• For purposes of the USPTO extra-statutory requirements, the present application constitutes a continuation-in-part of U.S. patent application Ser. No. [To Be Assigned], entitled TEMPERATURE-STABILIZED STORAGE CONTAINERS WITH DIRECTED ACCESS, naming Roderick A. Hyde; Edward K. Y. Jung; Nathan P. Myhrvold; Clarence T. Tegreene; William H. Gates, III; Charles Whitmer; and Lowell L. Wood, Jr. as inventors, filed Dec. 27, 2007, which is currently co-pending, or is an application of which a currently co-pending application is entitled to the benefit of the filing date.

The United States Patent Office (USPTO) has published a notice to the effect that the USPTO's computer programs require that patent applicants reference both a serial number and indicate whether an application is a continuation or continuation-in-part. Stephen G. Kunin, Benefit of Prior-Filed Application, USPTO Official Gazette Mar. 18, 2003, available at http://www.uspto.gov/web/offices/com/sol/og/2003/week11/patbene.htm. The present Applicant Entity (hereinafter “Applicant”) has provided above a specific reference to the application(s) from which priority is being claimed as recited by statute. Applicant understands that the statute is unambiguous in its specific reference language and does not require either a serial number or any characterization, such as “continuation” or “continuation-in-part,” for claiming priority to U.S. patent applications. Notwithstanding the foregoing, Applicant understands that the USPTO's computer programs have certain data entry requirements, and hence Applicant is designating the present application as a continuation-in-part of its parent applications as set forth above, but expressly points out that such designations are not to be construed in any way as any type of commentary and/or admission as to whether or not the present application contains any new matter in addition to the matter of its parent application(s).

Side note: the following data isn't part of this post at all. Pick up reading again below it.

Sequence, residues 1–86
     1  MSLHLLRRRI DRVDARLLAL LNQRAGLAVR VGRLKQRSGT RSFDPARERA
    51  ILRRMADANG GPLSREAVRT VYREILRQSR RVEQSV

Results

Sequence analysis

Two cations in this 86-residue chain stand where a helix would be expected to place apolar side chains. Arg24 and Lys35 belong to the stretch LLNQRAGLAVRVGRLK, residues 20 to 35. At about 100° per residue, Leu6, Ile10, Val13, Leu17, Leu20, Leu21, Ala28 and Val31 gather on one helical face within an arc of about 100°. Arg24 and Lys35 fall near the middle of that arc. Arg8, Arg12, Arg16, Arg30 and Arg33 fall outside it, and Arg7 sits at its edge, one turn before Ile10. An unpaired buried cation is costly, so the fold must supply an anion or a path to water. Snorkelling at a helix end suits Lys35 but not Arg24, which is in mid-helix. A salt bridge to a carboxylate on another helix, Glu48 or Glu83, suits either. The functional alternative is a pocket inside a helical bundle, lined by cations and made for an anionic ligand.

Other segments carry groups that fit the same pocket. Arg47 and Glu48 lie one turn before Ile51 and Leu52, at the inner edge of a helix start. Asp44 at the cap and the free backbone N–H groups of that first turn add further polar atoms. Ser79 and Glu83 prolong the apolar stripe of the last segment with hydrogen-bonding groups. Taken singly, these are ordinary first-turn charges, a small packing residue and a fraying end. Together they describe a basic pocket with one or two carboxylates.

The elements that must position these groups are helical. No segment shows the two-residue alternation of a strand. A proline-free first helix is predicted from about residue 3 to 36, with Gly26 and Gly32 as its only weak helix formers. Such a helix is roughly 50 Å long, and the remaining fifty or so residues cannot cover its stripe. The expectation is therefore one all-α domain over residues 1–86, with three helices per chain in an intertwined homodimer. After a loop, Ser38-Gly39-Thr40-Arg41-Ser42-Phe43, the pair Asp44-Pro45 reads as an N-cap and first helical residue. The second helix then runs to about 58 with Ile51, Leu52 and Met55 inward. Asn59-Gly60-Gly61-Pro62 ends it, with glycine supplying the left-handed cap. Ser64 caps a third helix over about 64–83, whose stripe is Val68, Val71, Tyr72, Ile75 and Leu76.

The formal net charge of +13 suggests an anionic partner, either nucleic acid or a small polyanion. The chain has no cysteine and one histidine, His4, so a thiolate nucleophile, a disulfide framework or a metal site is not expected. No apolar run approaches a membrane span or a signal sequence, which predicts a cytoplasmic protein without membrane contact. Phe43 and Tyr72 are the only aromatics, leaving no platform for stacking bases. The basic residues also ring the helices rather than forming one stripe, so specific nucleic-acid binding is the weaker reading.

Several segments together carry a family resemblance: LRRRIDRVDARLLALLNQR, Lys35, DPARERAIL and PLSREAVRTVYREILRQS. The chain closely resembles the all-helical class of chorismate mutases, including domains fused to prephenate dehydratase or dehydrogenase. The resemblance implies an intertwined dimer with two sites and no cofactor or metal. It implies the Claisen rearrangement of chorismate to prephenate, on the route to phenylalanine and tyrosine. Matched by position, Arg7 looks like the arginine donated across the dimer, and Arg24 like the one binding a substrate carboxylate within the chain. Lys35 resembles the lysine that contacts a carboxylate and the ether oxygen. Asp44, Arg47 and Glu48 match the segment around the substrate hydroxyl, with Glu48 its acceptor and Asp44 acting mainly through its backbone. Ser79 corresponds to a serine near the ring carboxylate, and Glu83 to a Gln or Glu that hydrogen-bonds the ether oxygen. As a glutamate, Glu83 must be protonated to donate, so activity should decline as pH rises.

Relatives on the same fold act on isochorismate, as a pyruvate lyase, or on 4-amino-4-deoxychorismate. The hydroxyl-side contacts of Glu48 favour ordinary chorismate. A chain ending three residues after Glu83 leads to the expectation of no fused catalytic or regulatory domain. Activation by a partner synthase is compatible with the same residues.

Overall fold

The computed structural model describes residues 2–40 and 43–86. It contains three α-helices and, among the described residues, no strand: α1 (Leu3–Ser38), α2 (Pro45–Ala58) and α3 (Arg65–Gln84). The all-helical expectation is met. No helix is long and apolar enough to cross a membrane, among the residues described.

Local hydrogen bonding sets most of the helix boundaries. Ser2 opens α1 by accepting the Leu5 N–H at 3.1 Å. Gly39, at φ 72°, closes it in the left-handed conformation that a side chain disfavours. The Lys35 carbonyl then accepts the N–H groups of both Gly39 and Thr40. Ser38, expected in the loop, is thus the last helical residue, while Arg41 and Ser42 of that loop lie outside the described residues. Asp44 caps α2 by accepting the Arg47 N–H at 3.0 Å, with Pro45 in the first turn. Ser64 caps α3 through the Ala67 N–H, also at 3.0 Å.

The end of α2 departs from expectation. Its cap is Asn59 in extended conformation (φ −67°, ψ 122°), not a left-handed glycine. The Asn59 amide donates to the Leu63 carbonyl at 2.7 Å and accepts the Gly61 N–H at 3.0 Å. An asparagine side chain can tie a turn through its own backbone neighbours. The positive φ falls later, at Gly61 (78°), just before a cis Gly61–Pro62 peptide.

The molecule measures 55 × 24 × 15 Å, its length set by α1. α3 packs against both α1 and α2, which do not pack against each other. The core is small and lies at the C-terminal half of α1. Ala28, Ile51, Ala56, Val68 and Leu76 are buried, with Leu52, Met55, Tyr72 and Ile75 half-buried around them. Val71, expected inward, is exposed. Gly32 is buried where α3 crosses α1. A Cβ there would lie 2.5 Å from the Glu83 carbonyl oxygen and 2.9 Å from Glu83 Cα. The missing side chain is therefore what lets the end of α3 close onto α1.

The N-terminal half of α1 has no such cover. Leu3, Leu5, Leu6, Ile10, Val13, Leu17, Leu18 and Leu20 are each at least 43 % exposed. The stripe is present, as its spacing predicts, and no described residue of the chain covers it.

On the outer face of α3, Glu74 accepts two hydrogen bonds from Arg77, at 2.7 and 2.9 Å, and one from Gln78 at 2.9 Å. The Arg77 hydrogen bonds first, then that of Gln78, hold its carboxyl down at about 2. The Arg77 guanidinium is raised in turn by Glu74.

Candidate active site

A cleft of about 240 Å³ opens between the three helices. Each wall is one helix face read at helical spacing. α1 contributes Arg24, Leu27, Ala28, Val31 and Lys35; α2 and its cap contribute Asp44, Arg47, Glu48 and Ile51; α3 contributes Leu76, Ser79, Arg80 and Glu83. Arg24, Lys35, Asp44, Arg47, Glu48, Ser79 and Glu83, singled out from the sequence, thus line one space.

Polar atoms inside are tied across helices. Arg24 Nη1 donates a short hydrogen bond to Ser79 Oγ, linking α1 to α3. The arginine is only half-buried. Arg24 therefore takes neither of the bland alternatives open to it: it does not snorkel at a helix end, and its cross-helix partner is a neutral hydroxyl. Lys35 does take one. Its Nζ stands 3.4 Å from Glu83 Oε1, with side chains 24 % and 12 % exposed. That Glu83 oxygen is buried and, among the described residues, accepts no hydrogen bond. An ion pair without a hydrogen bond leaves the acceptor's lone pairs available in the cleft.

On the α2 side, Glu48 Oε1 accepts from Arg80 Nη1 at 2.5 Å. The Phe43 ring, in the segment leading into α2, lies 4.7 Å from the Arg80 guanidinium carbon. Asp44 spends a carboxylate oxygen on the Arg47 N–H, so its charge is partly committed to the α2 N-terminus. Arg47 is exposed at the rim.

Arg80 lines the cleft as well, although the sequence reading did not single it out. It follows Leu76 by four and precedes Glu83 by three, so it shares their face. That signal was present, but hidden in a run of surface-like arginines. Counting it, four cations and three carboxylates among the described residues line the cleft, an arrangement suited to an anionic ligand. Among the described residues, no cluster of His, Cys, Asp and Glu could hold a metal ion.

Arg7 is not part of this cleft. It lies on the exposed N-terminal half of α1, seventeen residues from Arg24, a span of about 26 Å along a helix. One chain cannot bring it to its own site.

All subject matter of the Related Applications and of any and all parent, grandparent, great-grandparent, etc. applications of the Related Applications is incorporated herein by reference to the extent such subject matter is not inconsistent herewith.

SUMMARY

Some aspects include at least one substantially thermally sealed storage container, including an outer assembly including one or more sections of ultra efficient insulation material substantially defining at least one thermally sealed storage region, and an inner assembly including one or more interlocks configured to provide controllable egress of a quantity of a material from one or more of the at least one thermally sealed storage region. In addition to the foregoing, other aspects are described in the claims, drawings, and text forming a part of the present disclosure.